Identifying mossy fiber responses
We used several criteria for distinguishing mossy fiber responses from C/A responses (Schulz et al. 1994; Yeckel et al. 1999). Mossy fiber EPSCs have a faster rising phase than C/A EPSCs. Mossy fiber synapses also show larger PPF than do C/A synapses (Salin et al. 1996). Finally, only mossy fiber EPSCs are presynaptically blocked by 1 μM of the group II mGluR agonist (2S,1′R,2′R,3′R)-2-(2,3-dicarboxycyclopropyl)glycine (DCG-IV) (Kamiya and Ozawa 1999). At the end of most experiments, DCG-IV (1 μM) was added to the bath perfusion system for 3–5 min and washed out.
We used all of these criteria to distinguish mossy fiber from C/A afferents. Responses classified in this fashion showed the expected differences: mossy fiber rise time (measured from 20 to 80% of the peak) was 1.07 ± 0.04 (SE) ms, while for C/A responses, the rise time was 1.86 ± 0.14 ms; mossy fiber PPF was 2.56 ± 0.17, while C/A PPF was 1.20 ± 0.05. Last, DCG-IV blocked mossy fiber responses by ≥75% in all experiments in which it was applied but never reduced C/A responses by more than 10%.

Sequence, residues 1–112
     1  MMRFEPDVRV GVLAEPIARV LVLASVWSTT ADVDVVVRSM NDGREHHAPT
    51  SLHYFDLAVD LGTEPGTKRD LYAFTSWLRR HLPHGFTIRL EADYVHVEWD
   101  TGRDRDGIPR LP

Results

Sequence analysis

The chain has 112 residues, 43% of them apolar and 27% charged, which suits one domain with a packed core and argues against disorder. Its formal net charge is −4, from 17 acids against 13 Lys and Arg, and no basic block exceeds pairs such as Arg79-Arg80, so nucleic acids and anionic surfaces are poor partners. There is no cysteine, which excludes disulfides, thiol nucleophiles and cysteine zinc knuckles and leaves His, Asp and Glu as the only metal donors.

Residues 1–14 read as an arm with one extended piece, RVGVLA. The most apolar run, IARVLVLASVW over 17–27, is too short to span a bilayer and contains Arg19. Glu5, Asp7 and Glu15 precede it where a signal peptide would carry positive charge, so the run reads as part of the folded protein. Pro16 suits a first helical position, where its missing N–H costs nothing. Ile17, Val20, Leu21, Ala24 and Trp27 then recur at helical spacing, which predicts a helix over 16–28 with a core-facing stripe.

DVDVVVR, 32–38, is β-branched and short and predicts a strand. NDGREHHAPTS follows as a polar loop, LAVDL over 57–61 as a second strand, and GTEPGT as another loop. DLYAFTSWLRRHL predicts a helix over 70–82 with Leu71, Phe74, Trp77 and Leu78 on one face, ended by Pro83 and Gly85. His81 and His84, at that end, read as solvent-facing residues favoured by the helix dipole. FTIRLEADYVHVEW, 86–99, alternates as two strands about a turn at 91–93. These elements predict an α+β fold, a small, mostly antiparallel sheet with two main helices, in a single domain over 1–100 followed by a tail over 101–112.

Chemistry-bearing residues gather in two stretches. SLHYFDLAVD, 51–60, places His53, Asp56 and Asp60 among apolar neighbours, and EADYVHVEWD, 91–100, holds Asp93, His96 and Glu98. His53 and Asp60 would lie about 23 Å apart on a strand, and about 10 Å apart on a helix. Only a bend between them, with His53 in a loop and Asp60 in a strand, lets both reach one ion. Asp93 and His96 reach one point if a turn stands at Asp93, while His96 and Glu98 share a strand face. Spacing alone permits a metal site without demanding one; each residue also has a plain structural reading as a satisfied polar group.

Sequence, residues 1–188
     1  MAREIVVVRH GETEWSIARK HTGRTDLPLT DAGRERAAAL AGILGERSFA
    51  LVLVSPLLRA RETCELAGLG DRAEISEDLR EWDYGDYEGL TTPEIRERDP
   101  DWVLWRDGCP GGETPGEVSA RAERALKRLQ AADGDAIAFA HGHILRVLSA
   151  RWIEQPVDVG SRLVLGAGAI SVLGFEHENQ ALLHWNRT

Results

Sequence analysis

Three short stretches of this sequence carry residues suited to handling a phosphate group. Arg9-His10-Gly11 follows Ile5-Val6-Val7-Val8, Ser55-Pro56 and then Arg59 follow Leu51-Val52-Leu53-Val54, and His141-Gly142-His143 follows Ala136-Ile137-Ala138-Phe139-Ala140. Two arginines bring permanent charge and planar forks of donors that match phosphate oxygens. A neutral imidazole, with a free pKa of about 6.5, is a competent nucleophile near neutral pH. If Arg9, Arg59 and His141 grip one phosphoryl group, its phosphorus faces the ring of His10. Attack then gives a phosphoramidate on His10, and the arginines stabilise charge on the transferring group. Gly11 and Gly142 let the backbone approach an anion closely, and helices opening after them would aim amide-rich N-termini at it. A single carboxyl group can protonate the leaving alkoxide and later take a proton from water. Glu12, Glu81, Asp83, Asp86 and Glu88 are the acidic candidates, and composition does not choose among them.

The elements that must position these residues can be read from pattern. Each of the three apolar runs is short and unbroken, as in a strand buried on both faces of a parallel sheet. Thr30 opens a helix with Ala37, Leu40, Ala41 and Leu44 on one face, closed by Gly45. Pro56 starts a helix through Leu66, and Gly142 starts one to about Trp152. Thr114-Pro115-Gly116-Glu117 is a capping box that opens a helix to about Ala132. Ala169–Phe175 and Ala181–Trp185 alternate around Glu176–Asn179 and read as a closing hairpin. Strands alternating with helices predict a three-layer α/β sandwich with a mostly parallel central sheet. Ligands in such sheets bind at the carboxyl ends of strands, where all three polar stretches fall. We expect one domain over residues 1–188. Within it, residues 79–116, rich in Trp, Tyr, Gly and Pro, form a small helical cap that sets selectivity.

[Ca2+]i measurement and photolysis of caged Ca2+